you're reading...
Current News

Rubble and Trouble in Haiti


rubble in Haiti

Six Months Later: Rubble in Haiti

Whenever I tell someone that I went to Haiti they inevitably ask me the same question:
How does it look?
I don’t know why but I’m always taken aback at this question and I think, “Well, how should it look?”
How should a country look after being devastated by a 7.0 magnitude earthquake. We know how LA looked after an earthquake of about the same magnitude hit it in 2004. Well, it looked just about fine. Check out this earthquake image from a few hours after the quake.
Image from Parkview earthquake 2004

Can you see any earthquake damage? Me neither.


Um see a difference? Yeah, I can’t even tell there was an earthquake in the California picture. Basically since most of the buildings in Haiti were made of crushable cement, it’s no surprised that the entire city of Port-au-Prince crumbled into dust.
There are still structures standing. Like the hospital ran by the Haitian-based arm of the United States Foundation for the Children of Haiti, it’s still standing but many repairs are needed. (You can donate at here if you want. They’re a really cool organization.)
People are shocked that there aren’t buildings being erected as we speak but they just do not understand the situation in Haiti right now. Here’s the skinny:
1. There’s no real functioning government. The current is president is a lame duck – he won’t be reelected in November.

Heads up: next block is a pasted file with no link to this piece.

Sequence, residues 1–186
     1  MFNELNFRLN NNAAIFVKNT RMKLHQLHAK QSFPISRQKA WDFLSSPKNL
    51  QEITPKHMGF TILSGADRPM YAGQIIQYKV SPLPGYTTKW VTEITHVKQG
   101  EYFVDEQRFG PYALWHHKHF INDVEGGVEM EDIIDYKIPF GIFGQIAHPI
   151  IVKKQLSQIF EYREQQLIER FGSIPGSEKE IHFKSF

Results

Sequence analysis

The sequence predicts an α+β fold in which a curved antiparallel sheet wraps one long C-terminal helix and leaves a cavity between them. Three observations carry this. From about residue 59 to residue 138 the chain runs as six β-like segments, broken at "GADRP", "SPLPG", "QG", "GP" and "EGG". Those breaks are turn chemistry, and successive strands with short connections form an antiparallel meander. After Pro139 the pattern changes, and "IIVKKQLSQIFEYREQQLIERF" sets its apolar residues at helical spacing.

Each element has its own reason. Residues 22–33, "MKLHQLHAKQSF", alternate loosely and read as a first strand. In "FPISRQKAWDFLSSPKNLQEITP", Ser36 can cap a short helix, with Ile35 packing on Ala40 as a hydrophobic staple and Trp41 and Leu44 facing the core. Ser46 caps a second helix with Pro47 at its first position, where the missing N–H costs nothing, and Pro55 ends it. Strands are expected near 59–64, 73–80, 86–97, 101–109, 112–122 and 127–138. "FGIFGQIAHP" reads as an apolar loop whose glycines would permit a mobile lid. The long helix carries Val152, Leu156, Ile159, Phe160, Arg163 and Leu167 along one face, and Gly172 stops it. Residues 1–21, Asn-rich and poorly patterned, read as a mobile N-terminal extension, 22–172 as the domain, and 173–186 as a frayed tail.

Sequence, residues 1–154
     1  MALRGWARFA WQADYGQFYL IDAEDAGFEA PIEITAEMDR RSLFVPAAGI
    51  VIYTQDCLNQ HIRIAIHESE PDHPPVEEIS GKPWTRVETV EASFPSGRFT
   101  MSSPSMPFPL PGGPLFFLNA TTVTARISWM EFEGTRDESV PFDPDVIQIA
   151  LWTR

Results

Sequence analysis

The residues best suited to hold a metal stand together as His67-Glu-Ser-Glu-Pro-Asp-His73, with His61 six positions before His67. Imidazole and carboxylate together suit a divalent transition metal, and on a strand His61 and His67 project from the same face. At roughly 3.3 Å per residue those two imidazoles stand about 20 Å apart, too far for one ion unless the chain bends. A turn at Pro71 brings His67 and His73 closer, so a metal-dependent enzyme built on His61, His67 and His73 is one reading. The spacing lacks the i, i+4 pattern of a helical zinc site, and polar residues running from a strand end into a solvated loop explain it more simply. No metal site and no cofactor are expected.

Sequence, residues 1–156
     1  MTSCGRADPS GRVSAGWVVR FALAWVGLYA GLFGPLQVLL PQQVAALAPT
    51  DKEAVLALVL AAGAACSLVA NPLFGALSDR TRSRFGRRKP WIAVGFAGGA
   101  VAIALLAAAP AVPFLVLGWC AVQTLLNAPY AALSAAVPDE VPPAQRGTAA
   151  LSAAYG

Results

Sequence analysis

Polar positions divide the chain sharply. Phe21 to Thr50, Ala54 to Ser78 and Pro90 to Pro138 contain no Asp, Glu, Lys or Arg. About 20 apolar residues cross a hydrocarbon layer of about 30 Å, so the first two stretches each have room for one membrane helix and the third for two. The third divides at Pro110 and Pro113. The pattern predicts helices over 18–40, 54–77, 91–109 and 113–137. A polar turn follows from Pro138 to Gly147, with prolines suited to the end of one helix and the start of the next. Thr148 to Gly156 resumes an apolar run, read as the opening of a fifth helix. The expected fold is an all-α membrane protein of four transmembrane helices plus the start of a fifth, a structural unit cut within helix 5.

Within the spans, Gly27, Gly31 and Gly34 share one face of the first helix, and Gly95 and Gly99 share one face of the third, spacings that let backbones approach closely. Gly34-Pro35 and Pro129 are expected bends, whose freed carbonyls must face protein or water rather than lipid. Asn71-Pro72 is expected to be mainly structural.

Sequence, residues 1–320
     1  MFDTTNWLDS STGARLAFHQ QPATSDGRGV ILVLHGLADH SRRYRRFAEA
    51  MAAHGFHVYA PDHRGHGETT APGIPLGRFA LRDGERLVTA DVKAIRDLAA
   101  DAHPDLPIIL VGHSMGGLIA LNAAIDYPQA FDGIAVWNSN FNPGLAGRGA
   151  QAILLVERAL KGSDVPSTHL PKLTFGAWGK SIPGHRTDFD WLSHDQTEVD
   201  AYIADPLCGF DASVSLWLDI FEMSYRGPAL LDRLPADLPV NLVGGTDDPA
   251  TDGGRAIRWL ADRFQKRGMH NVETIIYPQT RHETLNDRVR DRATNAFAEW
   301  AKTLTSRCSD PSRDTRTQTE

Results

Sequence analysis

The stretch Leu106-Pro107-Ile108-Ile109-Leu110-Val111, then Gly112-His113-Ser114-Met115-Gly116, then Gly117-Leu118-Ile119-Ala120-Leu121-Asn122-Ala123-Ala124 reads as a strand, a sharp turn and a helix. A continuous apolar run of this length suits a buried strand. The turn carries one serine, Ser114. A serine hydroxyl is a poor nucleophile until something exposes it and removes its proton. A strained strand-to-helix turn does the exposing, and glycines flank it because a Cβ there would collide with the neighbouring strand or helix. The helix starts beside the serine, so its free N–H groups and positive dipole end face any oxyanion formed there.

2. There’s no real functioning police force. Private security guards, the military and UN blue helmets keep the peace but there’s no 911 you can dial.
3. Businesses that are up and running mostly cater to the basic necessities – food, drink, clothing etc.
4. The roads were bad before the earthquake and now they have 12-foot size craters in them.
5. There’s no street lights at night.
As my mother would say, Haiti is in a state of flux.
More rubble in Haiti

More rubble in Haiti

Advertisements

Discussion

No comments yet.

Leave a Reply

Fill in your details below or click an icon to log in:

WordPress.com Logo

You are commenting using your WordPress.com account. Log Out / Change )

Twitter picture

You are commenting using your Twitter account. Log Out / Change )

Facebook photo

You are commenting using your Facebook account. Log Out / Change )

Google+ photo

You are commenting using your Google+ account. Log Out / Change )

Connecting to %s

Ovetta’s Twylah Twitter

WP’s Tweets

Enter your email address to subscribe to this blog and receive notifications of new posts by email.

Join 1,477 other followers

HubSpot Website Grader

%d bloggers like this: